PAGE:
Eight benches, three picnic tables, three trash cans and one bike rack sit in the Roeland Park Public Works shop — and city staff wants help placing them in R Park.
The Parks Committee, a group of community volunteers, earlier this year raised $23,000 to buy amenities to spruce up R Park, located at Juniper Street and West 55th Terrace, and the goods were delivered to the city last month.
But last month the Roeland Park City Council refused a plan to spend $14,850 to hire an architect to design the placement of the items in the park. On Monday, Public Works Director Jose Leon asked again for help choosing spots for the items.
“The last thing I want to do is put amenities in a city park without them having any thought process put into it,” Leon said.
The committee, at Leon’s recommendation, recently used a rough aerial drawing of the park to place the amenities. Leon’s department could use that guidance, but he would prefer professional help, he told the council.
“Everybody is giving it their best shot, without any professional guidance,” he said. “What I’m asking you today is to allow us to have some sort of budget to go ahead and reach out to some professionals.”
Again, the council said no to hiring help.
The council agreed to compromise and work with Mayor Joel Marquardt, an architect by trade, to assemble a group of professional architects to work with the Parks Committee and city council to place four or five of the purchased items.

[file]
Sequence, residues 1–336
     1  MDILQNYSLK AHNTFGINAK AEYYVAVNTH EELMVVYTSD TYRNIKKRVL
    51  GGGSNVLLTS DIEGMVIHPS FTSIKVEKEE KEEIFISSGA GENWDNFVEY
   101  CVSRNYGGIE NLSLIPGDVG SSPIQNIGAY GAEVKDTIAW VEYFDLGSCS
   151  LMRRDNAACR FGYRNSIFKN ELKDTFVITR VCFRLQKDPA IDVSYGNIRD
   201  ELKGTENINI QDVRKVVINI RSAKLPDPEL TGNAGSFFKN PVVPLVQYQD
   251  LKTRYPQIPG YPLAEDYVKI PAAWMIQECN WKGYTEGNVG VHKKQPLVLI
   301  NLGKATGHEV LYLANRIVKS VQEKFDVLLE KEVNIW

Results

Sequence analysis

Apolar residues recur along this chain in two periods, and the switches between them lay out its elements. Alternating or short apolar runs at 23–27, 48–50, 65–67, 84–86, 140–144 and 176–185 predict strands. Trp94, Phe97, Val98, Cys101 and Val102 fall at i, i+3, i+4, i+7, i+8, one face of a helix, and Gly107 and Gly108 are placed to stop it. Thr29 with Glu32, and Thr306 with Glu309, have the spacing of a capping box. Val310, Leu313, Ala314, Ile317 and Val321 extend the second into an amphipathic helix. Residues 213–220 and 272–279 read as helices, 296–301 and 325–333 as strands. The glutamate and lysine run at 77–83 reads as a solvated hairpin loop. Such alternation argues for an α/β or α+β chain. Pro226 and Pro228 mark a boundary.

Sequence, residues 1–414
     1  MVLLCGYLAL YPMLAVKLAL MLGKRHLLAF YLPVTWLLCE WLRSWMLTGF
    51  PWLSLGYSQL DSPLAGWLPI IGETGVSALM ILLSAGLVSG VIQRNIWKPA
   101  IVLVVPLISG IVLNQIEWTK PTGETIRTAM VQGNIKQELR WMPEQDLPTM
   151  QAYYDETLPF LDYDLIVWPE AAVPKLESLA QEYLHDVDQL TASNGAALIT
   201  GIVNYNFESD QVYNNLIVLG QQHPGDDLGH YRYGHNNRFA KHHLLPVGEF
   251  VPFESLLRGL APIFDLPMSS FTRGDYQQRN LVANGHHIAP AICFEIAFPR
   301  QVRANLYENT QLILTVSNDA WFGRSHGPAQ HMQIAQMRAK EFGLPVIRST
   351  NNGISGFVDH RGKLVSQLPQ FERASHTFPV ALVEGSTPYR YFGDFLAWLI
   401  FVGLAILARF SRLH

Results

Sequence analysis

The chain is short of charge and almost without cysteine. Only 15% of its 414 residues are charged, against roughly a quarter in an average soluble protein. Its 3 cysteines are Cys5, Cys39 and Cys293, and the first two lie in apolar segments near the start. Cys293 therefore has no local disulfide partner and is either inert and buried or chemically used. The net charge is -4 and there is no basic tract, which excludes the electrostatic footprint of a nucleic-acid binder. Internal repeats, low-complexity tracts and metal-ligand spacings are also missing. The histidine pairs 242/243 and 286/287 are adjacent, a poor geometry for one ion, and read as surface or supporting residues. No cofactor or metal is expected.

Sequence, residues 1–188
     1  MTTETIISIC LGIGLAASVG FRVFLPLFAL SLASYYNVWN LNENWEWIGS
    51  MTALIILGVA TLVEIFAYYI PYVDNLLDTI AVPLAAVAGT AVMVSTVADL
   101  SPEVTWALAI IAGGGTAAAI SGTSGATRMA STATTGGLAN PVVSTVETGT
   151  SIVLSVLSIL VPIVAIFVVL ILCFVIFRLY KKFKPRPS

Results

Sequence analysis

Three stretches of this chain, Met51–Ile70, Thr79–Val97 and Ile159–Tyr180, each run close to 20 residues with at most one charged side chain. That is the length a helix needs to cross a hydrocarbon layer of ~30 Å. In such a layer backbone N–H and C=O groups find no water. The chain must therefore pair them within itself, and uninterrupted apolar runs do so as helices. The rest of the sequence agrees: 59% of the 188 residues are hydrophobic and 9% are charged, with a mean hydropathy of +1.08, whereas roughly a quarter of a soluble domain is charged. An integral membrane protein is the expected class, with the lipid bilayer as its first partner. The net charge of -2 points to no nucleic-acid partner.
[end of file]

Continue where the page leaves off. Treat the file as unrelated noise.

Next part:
“If we don’t want to pay a professional, we owe it to Jose to give him guidance,” Councilwoman Erin Thompson said.
Said Marquardt: “We are trying to get a few of these elements put in around the perimeter that hopefully won’t affect the (master) plan so we can honor these donors.”
Leon said their target would be to place those by October.
The council will discuss the issue some more at its September Committee of the Whole meeting. Council members will spend more time determining if a professional should be hired to help with placement of the remaining amenities.
Leon and the mayor suggested that fees might be reduced with the group of professional volunteers taking some of the work off of the contracted company’s list.
Two residents spoke in favor of investing in a professional to help with the plan for the park and placement of amenities.
“Somebody is going to decide where to put this stuff, and I’m just afraid without a plan there’s going to be all kinds of, ‘Why did we do this?’” resident James Haley said. “It’s just sending a bad message to people who worked real hard to get this purchased.”
Also at the September meeting, the council will spend more time talking about West 55th Terrace. The street, which is adjacent to the park, is in need of repair and eventual replacement. It services one residence and acts as an optional through street for a few additional houses.
Replacement of the street is estimated to cost around $200,000, according to Leon. He suggested that it might be worthwhile to consider reconfiguring the road and turning most of it into additional green space for the park, saving a considerable amount of money.